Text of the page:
Objective: To develop a model that can predict the chance to conceive spontaneously in subfertile couples.
Design: In a cohort study, a consecutive series of patients consulting infertility was followed up. We related information from previous history, physical examination, postcoital tests (PCT), semen analyses, and sperm penetration meter tests with the occurrence of a spontaneous pregnancy.
Setting: Fertility center in a university hospital.
Patients: Nine hundred ninety-six couples consulting for infertility due to cervical hostility, male subfertility, or unexplained infertility.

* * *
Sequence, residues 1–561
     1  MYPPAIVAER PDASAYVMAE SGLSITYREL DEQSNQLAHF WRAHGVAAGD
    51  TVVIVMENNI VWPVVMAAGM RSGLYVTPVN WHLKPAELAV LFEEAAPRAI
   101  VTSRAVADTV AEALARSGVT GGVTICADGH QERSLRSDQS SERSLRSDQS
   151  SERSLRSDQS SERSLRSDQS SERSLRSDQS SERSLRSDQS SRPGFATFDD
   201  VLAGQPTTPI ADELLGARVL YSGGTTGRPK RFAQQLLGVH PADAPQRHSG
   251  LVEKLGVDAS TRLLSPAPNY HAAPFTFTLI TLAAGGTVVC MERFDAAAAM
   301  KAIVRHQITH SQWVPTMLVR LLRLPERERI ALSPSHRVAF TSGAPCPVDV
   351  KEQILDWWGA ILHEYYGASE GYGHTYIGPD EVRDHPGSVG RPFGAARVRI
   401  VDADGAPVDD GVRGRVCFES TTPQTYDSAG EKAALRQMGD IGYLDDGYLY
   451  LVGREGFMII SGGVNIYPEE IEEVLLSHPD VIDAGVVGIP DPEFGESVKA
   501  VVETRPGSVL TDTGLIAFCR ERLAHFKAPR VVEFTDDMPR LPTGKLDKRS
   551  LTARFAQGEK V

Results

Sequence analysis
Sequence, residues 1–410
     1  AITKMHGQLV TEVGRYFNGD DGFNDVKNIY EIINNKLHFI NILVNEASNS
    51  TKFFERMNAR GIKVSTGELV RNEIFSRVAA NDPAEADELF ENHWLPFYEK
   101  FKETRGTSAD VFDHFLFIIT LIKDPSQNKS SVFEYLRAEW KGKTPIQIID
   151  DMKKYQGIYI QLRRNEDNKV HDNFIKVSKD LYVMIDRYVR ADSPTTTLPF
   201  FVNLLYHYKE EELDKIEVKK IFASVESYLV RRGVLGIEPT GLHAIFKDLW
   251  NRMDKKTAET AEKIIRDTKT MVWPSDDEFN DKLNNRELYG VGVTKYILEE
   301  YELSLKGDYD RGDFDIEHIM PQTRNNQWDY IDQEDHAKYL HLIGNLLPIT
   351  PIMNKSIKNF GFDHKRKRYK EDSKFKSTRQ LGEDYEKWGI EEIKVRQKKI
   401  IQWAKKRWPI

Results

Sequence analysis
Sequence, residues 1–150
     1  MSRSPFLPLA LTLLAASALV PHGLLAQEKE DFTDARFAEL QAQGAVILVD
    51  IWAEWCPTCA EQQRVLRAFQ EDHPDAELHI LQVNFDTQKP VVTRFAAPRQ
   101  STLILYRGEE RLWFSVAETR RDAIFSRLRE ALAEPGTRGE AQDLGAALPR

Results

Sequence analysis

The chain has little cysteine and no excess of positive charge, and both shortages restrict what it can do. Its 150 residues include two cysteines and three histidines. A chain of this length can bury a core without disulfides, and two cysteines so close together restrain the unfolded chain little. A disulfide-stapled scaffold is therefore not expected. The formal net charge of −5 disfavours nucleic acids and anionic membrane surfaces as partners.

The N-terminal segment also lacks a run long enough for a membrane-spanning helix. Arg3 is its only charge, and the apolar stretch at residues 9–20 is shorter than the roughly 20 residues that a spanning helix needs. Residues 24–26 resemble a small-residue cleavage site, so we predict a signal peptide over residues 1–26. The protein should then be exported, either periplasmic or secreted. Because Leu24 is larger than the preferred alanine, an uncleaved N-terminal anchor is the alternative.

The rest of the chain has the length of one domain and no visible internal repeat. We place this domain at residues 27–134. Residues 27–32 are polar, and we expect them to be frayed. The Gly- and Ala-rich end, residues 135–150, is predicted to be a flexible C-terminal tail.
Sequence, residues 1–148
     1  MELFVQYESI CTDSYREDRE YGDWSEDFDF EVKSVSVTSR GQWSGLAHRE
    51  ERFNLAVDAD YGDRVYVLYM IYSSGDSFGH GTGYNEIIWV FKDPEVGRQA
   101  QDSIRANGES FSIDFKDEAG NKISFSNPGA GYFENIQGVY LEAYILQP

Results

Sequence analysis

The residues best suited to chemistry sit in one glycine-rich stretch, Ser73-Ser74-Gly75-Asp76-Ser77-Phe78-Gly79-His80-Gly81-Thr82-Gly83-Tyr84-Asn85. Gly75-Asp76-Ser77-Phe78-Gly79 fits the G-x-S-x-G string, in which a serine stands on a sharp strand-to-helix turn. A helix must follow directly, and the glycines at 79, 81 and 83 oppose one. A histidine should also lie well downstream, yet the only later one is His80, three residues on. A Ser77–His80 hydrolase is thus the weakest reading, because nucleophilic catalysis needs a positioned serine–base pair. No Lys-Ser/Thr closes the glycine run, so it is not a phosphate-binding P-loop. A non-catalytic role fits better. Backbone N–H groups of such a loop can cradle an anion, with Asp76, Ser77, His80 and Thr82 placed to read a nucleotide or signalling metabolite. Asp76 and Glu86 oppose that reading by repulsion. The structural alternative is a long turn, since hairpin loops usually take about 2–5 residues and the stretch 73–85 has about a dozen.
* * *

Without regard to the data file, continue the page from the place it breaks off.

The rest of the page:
Main outcome measure(s): Time between intake and occurrence of the first spontaneous pregnancy.
Results: Information from the previous history (duration of infertility, primary or secondary female infertility, age of the woman, fertility problems in male's family), the percentage motile sperm in the first semen analysis, and the result of the first PCT are sufficient to predict the chance to conceive. A pocket chart is presented for easy use of the model.
Conclusions: With a limited amount of diagnostic information, the chance to conceive spontaneously can be predicted.